A fraternal society and insurance organization – WOW left its unique mark in stone in thousands of cemeteries around the US, including Florida.
In 1890, Joseph Cullen Root founded the Woodmen of the World (WOW) in Omaha, Nebraska. The purpose of WOW was to provide financial relief for families after the father died. At this time, the father remained the breadwinner of the family, but community support of fatherless families has largely disappeared. There was also the notion of “self-sufficiency” which put public pressure on families to not accept charity.
One of Root’s innovations was to provide free grave markers for WOW members. For about 10 years, members would get a tree stump-shaped marker as part of their life insurance benefits (this would likely be between 1890 and 1900). When this ended, WOW offered a $100 benefit that would be used for a marker (approximately between 1900 and 1920). Eventually the $100 benefit would also be discontinued.
It’s generally considered that the changes were tied to increasing costs of grave markers, but another likely element was that the marker program wasn’t all that important in connection with the life insurance benefits. The majority of WOW markers in Florida cemeteries are dated from 1900 to 1920 with a few as late as 1927. This falls in line with the dates that the marker benefits were offered. Since the Woodmen tree markers stop being used at the end of the 1920s even though WOW continued (it’s still a successful insurance company to this day) it shows that the popularity of the markers was tied to the marker benefits. Of course, the Great Depression likely had a hand in it.
Typically, local stone carvers would create WOW markers using some sort of basic template, likely to be provided by WOW, itself. The tree stumps are slender, stand around four feet tall and have a place for the name and birth / death dates of the Woodman as well as a carved WOW emblem. WOW’s motto: Dum tacet clamat (Latin for Though silent, he speaks.) is usually on the emblem or on some other part of the marker.
There are plenty of variations, including the most common being a stump resting on several cut and stacked logs (which some say represents the number of the man’s children). As can be seen in the examples below, it was common for some markers to be simple stacks of logs in one form or another as well as markers that were topped by one log. Additions to the stumps or logs were also used – woodworking tools such as axes and wedges are commonly seen.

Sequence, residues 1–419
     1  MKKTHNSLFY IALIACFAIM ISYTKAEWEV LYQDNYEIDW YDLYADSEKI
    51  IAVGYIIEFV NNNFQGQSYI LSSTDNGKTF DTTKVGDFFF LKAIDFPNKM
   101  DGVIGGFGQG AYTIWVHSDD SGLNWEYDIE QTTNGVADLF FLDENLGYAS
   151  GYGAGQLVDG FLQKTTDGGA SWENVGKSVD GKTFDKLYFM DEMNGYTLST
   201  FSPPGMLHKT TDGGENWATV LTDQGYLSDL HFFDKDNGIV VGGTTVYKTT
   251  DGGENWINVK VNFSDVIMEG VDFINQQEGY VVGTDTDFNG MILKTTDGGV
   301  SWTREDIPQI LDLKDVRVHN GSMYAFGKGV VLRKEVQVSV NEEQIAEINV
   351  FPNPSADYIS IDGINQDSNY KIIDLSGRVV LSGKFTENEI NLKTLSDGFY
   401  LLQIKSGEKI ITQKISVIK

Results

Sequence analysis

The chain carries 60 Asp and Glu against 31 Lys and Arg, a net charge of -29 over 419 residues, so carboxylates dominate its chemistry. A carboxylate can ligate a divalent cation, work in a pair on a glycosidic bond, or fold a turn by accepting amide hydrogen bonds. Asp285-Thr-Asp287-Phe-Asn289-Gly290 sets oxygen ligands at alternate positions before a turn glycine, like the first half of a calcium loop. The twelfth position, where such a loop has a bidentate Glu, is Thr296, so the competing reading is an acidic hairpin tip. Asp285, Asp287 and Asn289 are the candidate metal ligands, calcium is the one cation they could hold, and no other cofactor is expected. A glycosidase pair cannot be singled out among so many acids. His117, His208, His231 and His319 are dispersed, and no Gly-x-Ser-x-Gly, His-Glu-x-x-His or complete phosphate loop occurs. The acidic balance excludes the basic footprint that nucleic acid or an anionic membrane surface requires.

Joseph Cullen Root (1844-1913) founder and 1st President of the Modern Woodmen of the World Insurance Company (“Modern” would quickly be dropped from the name), and Modern Woodmen of America (the precursor of WOW). Root was born in Chester, MA, the son of Aurelius Clark and Eliza (Abbott) Root. The family would move to Illinois and then to Iowa.
He attended Cornell College in Mt. Vernon, IA, Northern Illinois College in DeKalb, IL (which would become Northern Illinois University) and Eastman Business College in Poughkeepsie, NY, where he graduated in 1865. He became a lawyer in 1883 and served as mayor of Lyons, IA from 1886-87. Root married Louise M. Inslee (1849–1910) of Lyons, IA and they had two sons. The rather appropriately named Root would hold the title Sovereign Commander of the Woodmen of the World.
Both Root and his wife are entombed at Forest Lawn Memorial Park in Omaha, NE. His family has a neo-classical mausoleum. There is also a marker nearby commemorating him which was placed by the Woodmen of the World. Oddly enough, neither the mausoleum, nor the WOW marker have any tree stump imagery.
The photos below are from 13 Florida cemeteries. While there are obvious similarities among many of the markers, especially the upright stumps, each marker is different, showing that they were individually handcrafted.
WOW members weren’t the only ones who used tree symbology for grave markers. There are similar markers with Masonic symbols instead of the WOW emblem in Florida cemeteries, including Walt Disney’s maternal grandparents’ marker in Ponceannah Cemetery in Paisley.
For additional information about the history of WOW, please check out: